Another advantage is that any upgrades are done on the app store and downloaded – there is no need to send the camera in to get upgrades installed.

A clear link is provided between the carcase image and the individual animal by firstly taking an image of the body number bar-code, and then the quartered carcase image. The body number can also be added manually, together with plant ID and time-stamp.

The MasterBeef app is free to download among approved users who hold a MasterBeef account, with a small charge made per image captured.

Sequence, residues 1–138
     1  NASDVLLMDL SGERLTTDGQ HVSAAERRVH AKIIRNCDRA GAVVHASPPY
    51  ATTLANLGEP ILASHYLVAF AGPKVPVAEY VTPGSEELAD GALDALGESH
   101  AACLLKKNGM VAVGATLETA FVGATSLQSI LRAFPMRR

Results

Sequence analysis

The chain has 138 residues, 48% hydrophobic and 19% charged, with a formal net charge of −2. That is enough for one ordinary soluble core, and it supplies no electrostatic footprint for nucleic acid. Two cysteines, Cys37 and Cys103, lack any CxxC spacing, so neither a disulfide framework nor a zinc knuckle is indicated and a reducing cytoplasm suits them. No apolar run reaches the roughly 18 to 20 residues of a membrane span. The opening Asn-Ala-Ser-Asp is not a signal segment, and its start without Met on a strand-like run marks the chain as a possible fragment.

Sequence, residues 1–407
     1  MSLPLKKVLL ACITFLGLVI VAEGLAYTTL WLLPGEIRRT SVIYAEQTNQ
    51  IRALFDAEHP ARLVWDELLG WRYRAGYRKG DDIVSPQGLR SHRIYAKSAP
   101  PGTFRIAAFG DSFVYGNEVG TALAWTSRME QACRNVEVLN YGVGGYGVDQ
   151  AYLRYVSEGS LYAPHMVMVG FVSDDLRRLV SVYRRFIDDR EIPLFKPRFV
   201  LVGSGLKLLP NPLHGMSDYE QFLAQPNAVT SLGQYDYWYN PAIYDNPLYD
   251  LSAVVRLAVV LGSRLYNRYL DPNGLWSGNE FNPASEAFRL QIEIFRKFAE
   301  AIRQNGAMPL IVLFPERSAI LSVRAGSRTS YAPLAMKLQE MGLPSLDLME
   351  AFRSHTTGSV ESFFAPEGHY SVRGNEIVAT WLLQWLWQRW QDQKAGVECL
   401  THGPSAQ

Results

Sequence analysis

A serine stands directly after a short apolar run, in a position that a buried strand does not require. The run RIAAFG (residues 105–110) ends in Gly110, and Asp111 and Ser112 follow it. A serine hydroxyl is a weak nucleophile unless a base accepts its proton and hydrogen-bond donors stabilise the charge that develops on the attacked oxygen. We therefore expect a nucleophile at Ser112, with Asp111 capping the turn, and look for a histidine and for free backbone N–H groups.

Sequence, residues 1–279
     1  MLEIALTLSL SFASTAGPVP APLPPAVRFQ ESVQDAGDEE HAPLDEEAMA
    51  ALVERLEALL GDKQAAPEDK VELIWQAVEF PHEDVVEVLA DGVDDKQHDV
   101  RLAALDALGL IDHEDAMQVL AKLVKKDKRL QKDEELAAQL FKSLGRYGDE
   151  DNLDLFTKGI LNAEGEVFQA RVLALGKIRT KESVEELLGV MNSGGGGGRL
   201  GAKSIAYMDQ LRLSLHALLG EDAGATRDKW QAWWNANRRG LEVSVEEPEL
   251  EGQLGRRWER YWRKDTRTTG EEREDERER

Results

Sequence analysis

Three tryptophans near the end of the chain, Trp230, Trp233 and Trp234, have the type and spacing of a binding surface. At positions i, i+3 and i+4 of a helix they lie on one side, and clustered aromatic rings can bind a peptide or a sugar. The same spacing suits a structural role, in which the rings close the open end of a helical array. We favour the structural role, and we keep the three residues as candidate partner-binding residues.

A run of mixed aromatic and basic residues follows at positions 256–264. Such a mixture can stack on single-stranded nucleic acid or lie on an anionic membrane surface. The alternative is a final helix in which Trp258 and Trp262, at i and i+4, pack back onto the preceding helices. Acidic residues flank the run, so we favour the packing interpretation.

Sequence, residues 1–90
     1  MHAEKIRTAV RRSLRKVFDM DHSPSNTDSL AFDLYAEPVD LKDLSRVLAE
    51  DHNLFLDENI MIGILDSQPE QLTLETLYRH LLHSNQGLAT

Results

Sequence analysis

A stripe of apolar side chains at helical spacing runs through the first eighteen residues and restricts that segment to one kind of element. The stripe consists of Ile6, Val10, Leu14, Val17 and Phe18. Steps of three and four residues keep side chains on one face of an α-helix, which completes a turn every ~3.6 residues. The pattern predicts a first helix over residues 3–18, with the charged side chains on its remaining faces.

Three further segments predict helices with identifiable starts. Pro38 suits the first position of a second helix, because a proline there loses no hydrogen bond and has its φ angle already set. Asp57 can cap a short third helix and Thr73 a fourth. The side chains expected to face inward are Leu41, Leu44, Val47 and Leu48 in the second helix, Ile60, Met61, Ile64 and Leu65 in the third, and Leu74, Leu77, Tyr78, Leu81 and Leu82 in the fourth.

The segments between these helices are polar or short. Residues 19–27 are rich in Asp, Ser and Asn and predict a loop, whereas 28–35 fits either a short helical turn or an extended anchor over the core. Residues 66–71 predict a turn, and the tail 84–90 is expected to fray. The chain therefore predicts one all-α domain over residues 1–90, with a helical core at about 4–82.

Saleable meat yield assessment, meat texture and other traits will be looked at for possible inclusion in the system over time.

 

Click here to view the MasterBeef website.

 

 

 

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Comments

  1. David Connellan, July 1, 2020

    Great solution.
    Sometimes it takes somebody from ‘outside the circle’ to re-think a challenge in this way. Tools for Objective Carcase Measurement are no different – simpler is often better. Well done Darren.

  2. John Marriott, June 30, 2020

    Is the next step live animal assessment??

    • Darren Hamblin, July 1, 2020

      Yes. However not so much assessing live animals but using genomic and genetic links from animals in the dataset to live animals to predict phenotypes.
      This is already in place.